Diamond Cut is the most important aspect in determining a diamond's beauty and is the most difficult for the consumer to judge when shopping for a diamond. It is the only factor controlled by man and for many years it has been the least understood by the consumer. The cut of a diamond is the arrangement of its facets, as well as the finish and proportions of a diamond.
With the recent introduction of the Cut grade by both the GIA (Gemological Institute of America) and the AGS (American Gemological Laboratories) labs the least understood and most important of the Diamond 4C's has been standardized. Both the GIA and the AGS labs have different approaches to grading the cut of a diamond, but both are scientifically-based proven systems. The GIA bases its Diamond cut grade on proportions and the AGS bases its Diamond cut grade on light performance. GIA uses a scale with 5 levels (excellent to poor) where the AGS system has 11 levels (0 to 10). The Diamond Cut grade is the biggest change in the diamond industry in the last 25 year.
A highly trained diamond cutter must first analyze a rough diamond before considering what diamond cut will complement the natural beauty of the stone. Interestingly, a diamond can only be cut by another diamond.
It is possible to have two diamonds that are equal in carat size, share the same color and clarity but look completely different. It all depends on the cut. Based on the cut, the weight of the diamond can be distributed differently to various parts of the diamond such as the crown and girdle. Also, the way facets are arranged and how brilliant the diamond appears will be determined by the way the diamond is cut.
Certified diamonds are anywhere from 20% to 60% more than non-certified stones. Stones under .18ct are normally not certified by GIA or AGS. 90% the diamonds you see in jewelry stores and online are non certified stones. Unless they say they are GIA or AGS and have documentation to back it up.
In 2005, the GIA introduced its 'Diamond Cut Grading System' for round brilliant diamonds. This system has been in development for fifteen years and the researchers at GIA have been perfecting a computer modeling system for round brilliants. They experimented on more than 70,000 stones in order to successfully establish this new grading system. The result of the research is that the system can now predict the cut grade for millions of various sets of round brilliant diamonds. This new 'Diamond Cut Grading System' analyzes the diamond's face-up appearance by using many different computer modeling techniques in addition to algorithms, which are used to evaluate the levels of brightness, fire and scintillation.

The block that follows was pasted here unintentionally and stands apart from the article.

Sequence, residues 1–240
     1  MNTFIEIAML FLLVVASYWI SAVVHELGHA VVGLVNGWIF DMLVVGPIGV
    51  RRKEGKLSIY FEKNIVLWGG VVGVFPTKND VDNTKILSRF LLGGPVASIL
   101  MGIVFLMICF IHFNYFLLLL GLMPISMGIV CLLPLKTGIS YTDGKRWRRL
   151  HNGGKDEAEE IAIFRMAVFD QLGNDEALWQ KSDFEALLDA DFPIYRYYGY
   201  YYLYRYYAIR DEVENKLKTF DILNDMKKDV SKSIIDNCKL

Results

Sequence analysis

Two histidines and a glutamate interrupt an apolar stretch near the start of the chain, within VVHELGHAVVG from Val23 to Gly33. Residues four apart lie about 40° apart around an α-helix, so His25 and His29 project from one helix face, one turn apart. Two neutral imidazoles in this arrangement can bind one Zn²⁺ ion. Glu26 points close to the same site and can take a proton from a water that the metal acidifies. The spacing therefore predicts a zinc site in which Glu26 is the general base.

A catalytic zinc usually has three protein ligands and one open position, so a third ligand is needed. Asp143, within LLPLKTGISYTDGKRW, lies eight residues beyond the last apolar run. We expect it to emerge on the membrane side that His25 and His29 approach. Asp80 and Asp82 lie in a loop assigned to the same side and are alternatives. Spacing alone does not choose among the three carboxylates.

GIA is not an appraisal; it is a birth certificate to the diamond that gives you the information of the inclusions, cut, polish, symmetry ECT... of the diamond. No two diamonds are alike.
The science supporting the AGS Lab's cut grade system is the result of years of research, testing, and retesting by a team of gemologists, optical physicists, and mathematicians. In the AGS cut grade system, all facets of a diamond are measured in three dimensions rather than two dimensions. The AGS Lab uses a state-of-the-art ray tracing software to trace light traveling through a diamond. The software demonstrates the quantity and quality of the light being returned to the viewer. AGS Laboratories will now consider brightness, dispersion, leakage, contrast, and weight ratio, in addition to proportion, symmetry, and polish, when assigning a final cut grade.
Since GIA and AGS Labs use different scales and methods, this represents DiamondWaves opinion as to the equivalence of the two grading systems.
The following is a summary of individual metrics used by each lab for cut grading.
The GIA Cut scale levels are: Excellent, Very Good, Good, Fair and Poor. The GIA Cut grade assesses the diamonds in these primary ways: